What does this imply for cities which have become global players ever increasing in size, flux, power and complexity? How can heritage and development be mutually reinforcing? How can policies and practices of heritage be fruitfully integrated as a resource into wider urban change while respecting environmental, social and cultural concerns?
This volume analyses ways in which heritage recognition, conservation, valorisation and promotion have been integrated in urban planning and policies. It benefits from the cross-fertilization of specialists and practitioners in political, urban and area studies, cultural policy, sociology, anthropology, urban planning and architecture, who use a variety of methodologies to explore cities as living entities. The book examines the disputed influence of international frameworks, notably from UNESCO, and takes a holistic approach to cultural policies encompassing both theory and application, listed and unlisted sites, East and West. Case studies from Chile, China, Cuba, Ecuador, England, France and Peru allow to grasp both the diversity of situations and the converging policy and management practices. This volume’s global perspective on urban issues will be of interest to urban planners, cultural policy and heritage specialists, social and human sciences researchers and students.
Table Of Contents
- Title Page
- Copyright Page
- Dedication Page
- About the editor
- About the book
- Citability of the eBook
- Chapter 1 Heritage, Cities and Sustainable Development. Challenges and Opportunities between Theory and Practice
- Part I People-Centred Built Heritage Conservation
- Chapter 2 Industrial Heritage and Urban Landscapes: Prospects for Sustainable Development in English Cities
- Chapter 3 Turning private causes into common cause? The role of sponsorship in preserving vernacular heritage sites in France1
- Part II Challenges in Historic Urban Landscape Policies
- Chapter 4 The Master Plan for the integral rehabilitation of Historic Havana: what consequences for the urban environment, what impacts on the population?1
- Chapter 5 Valparaíso, the Pearl of the Pacific: the power of artistic imagination on a touristic world heritage city1
- Part III Inclusive Approaches to Urban Heritage and Planning
- Chapter 6 Implementing the Historic Urban Landscape Approach: Exploring Participatory Planning in China1
- Chapter 7 Quito: when local consultation redefines heritage and planning
- Chapter 8 Lima: Open City. A Pedestrian Urban Regeneration Strategy for the Historic Centre of Lima
- Chapter 9 Concluding Remarks. Comparative Visions of Heritage — Holistic Visions of Heritage?
- Authors’ biographies and summaries
Director, World Heritage Center of UNESCO (2000–2010) and Assistant Director-General of UNESCO for Culture (2010–2018)
In November 2011, the General Conference of UNESCO adopted a new normative text, the Recommendation on the Historic Urban Landscape. This is the first UNESCO Recommendation on Historic Cities after the 1976 Nairobi Recommendation concerning the Safeguarding of Historic and Traditional Settlements and their Role in Contemporary Life. Eight years after the adoption of the new Recommendation, it is time to look at the first results of its implementation.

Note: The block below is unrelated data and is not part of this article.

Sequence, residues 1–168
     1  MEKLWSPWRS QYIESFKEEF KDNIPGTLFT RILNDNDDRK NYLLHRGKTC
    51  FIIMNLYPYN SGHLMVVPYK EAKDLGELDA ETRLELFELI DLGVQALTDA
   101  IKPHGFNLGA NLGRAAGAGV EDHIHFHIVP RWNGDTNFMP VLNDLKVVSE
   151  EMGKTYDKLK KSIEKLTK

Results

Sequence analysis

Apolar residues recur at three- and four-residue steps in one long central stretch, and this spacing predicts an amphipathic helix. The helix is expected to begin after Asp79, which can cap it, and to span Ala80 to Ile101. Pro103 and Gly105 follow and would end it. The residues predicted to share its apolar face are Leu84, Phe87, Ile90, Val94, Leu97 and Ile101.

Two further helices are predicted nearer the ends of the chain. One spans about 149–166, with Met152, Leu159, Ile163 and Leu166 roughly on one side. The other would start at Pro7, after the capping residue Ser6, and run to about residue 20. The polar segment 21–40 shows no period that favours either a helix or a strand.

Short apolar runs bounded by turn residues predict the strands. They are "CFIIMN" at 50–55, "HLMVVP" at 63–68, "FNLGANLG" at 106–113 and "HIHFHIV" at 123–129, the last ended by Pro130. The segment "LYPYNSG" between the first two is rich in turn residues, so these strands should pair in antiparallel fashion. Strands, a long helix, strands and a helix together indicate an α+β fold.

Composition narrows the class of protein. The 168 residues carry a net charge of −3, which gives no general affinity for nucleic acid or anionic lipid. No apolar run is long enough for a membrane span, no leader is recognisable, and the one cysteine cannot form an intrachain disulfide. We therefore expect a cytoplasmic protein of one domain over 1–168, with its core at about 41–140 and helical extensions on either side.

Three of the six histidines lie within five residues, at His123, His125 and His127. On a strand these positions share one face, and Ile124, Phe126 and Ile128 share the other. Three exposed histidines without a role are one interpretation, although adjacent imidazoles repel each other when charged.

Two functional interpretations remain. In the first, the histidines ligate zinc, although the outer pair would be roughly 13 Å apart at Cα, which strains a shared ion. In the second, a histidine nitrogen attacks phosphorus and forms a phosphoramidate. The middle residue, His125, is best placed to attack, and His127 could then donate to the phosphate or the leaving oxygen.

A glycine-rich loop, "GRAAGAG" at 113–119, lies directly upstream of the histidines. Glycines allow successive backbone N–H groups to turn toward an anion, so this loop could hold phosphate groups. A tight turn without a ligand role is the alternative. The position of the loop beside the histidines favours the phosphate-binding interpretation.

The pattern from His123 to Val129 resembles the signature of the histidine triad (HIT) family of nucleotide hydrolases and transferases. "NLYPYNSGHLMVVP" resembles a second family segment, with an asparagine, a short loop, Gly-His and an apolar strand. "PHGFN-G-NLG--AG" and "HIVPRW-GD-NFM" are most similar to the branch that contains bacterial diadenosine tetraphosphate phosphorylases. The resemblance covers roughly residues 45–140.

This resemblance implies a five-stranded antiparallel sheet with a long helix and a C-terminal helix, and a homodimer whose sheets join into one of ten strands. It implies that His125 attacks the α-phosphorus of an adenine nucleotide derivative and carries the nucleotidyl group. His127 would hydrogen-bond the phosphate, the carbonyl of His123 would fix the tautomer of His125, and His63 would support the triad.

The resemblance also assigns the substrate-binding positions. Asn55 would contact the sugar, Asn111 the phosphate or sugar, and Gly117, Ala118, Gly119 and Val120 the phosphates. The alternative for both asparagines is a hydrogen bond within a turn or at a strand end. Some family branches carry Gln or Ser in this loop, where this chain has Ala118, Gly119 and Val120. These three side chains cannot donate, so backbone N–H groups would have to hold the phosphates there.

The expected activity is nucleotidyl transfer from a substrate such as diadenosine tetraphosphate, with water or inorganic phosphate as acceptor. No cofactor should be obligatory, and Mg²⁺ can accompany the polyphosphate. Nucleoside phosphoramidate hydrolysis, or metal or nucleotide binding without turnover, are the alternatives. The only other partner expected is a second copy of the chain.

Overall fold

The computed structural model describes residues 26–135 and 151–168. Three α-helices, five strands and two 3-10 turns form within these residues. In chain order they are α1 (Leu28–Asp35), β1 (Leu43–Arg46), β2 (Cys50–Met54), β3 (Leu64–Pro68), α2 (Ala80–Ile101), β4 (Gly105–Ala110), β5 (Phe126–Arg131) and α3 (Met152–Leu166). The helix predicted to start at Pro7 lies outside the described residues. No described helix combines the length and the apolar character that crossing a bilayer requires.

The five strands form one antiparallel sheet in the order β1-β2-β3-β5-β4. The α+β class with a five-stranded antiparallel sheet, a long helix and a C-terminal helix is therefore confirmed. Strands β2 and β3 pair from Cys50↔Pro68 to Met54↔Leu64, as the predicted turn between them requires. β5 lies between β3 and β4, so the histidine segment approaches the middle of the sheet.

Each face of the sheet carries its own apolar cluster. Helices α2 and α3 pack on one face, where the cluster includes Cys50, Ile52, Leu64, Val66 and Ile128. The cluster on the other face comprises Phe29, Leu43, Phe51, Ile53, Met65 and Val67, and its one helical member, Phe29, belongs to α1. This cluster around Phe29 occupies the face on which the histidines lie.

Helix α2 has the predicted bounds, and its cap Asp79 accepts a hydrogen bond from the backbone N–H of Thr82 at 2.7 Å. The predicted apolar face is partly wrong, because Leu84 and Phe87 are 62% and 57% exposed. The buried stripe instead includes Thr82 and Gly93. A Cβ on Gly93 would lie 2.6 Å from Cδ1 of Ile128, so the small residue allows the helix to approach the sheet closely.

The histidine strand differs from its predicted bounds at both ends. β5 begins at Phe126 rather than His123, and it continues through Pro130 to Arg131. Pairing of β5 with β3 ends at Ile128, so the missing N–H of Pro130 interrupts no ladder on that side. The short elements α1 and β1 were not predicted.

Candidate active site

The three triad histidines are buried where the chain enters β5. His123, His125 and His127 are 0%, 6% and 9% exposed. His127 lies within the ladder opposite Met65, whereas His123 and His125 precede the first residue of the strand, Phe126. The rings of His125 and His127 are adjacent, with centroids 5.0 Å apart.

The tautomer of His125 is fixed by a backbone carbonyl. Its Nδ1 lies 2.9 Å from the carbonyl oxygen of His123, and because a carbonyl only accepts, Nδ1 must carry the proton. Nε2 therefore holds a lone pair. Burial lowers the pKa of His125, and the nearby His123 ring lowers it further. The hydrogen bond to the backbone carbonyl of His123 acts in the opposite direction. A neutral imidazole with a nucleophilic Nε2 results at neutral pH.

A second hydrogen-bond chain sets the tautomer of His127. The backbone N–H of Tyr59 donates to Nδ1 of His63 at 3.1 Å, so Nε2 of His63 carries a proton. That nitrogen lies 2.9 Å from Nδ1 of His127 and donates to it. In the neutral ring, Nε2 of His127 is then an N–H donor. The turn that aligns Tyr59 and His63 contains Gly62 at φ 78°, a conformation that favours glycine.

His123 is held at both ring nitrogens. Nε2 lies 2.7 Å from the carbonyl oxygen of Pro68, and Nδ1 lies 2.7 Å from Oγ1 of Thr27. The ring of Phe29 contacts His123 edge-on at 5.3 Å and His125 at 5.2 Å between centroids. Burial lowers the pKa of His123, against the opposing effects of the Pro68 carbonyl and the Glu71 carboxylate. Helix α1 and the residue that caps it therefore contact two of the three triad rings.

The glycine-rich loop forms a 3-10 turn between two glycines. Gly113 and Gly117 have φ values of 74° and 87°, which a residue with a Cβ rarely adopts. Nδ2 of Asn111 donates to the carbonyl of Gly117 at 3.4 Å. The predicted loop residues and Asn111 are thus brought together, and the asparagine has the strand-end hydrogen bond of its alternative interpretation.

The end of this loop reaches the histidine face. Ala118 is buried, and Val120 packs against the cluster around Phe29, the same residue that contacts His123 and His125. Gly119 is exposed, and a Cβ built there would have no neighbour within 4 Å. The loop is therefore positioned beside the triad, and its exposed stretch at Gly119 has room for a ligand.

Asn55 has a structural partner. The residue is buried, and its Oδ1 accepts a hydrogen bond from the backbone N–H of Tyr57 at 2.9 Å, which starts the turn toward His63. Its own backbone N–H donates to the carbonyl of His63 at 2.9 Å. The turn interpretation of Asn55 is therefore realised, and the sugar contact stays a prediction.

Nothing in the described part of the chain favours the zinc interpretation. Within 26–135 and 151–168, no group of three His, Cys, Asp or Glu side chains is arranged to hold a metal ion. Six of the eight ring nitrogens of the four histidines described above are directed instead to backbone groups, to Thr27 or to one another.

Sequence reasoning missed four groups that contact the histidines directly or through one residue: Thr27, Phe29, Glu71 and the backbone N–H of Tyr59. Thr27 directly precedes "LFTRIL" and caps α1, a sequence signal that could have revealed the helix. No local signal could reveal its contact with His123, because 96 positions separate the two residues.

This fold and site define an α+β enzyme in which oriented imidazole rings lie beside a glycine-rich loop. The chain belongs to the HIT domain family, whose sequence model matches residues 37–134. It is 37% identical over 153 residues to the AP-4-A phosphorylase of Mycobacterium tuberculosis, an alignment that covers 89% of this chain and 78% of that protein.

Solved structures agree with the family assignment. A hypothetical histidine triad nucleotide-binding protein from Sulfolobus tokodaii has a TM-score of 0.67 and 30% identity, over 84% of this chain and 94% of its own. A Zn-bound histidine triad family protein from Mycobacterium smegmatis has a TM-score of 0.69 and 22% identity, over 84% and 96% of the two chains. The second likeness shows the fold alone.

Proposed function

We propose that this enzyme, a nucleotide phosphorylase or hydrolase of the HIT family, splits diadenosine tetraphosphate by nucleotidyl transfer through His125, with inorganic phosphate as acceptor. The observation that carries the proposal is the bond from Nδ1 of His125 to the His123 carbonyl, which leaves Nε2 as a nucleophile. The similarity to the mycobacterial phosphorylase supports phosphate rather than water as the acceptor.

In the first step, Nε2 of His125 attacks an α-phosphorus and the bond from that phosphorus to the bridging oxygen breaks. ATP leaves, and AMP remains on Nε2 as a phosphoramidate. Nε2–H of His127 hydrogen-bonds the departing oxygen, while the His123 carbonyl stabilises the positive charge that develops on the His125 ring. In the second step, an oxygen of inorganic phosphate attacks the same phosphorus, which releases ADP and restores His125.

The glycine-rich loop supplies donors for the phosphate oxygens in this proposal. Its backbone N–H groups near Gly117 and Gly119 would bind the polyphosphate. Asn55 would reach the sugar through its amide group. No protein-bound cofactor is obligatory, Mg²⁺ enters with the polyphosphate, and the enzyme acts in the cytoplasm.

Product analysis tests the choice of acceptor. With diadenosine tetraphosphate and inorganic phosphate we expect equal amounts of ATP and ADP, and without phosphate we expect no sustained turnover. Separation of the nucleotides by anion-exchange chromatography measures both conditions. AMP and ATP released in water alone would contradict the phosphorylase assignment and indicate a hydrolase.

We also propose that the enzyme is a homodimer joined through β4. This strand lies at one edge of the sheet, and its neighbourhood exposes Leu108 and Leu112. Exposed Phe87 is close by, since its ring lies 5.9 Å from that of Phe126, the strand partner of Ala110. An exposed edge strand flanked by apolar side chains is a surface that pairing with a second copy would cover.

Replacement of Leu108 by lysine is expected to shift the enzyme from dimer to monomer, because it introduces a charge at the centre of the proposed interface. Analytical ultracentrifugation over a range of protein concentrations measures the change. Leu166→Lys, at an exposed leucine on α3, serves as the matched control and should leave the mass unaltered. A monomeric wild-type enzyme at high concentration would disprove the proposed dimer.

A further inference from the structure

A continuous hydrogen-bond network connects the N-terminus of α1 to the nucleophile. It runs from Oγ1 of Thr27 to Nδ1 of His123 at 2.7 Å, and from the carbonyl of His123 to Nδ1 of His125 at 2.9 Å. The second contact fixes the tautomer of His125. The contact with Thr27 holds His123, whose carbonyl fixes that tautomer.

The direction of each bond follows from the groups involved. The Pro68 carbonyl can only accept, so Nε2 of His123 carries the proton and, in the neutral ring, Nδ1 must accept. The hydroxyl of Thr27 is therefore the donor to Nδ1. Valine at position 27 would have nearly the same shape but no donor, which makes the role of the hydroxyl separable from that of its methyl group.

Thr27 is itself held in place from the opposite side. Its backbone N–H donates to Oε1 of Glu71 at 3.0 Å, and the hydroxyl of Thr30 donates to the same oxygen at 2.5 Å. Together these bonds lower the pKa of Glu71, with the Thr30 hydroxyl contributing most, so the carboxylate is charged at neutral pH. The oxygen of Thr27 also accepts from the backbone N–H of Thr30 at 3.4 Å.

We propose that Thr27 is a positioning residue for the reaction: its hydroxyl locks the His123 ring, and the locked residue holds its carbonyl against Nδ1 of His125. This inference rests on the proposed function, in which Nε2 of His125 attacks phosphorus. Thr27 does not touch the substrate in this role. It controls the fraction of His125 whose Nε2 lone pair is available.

This book is a contribution to the analysis and reflection that is going on today at UNESCO and in several research and urban heritage management circles. Urban conservation, a practice defined at the end of the nineteenth century and included in the practice of urban planning in the mid-twentieth century, today plays an important role in the world of cultural heritage. Indeed, if we limit our attention to the World Heritage List, urban heritage now appears as one of the most important, if not the most important, of all heritage categories. Urban conservation gained an important dimension in the second half of the twentieth century, first in Europe, then in many other regional contexts, when the concept was gradually introduced into legislation and urban planning practices.
Ultimately, we can say that today’s historic cities are better preserved, protected, managed in national and local contexts than in the past, but have lost many of their traditional functions. No doubt, the strength of the markets has largely overcome the original intentions of planners ←9 | 10→and politicians and today the historic cities are under intense pressure of transformation, because of new phenomena, such as gentrification or tourist use.
In this complex and contradictory situation, several reasons have supported the need to revise the current paradigm of urban conservation. It is within the framework of the World Heritage Convention that this reflection was launched, starting in 2003. Since historic cities now represent the majority of sites inscribed on the World Heritage List, the World Heritage Committee increasingly realized the need to redefine the approach to urban conservation.
That is why, at UNESCO’s request, a conference was organised in Vienna in May 2005 to discuss how to consider contemporary transformations in historic areas, in a manner consistent with the preservation of their heritage values. It published a document, the Vienna “Memorandum” on World Heritage and Contemporary Architecture, which proposed the concept of historic urban landscape as a tool for reinterpreting urban heritage values and stressed the need to identify new approaches and tools for urban conservation. The Memorandum was welcomed by the World Heritage Committee at its 2005 session, and formed the basis of the Declaration on the Conservation of Historic Urban Landscapes, adopted by the 15th General Assembly of States Parties to the World Heritage Convention in 2005. It is on the basis of these acts that the drafting of the Historic Urban Landscape Recommendation was initiated.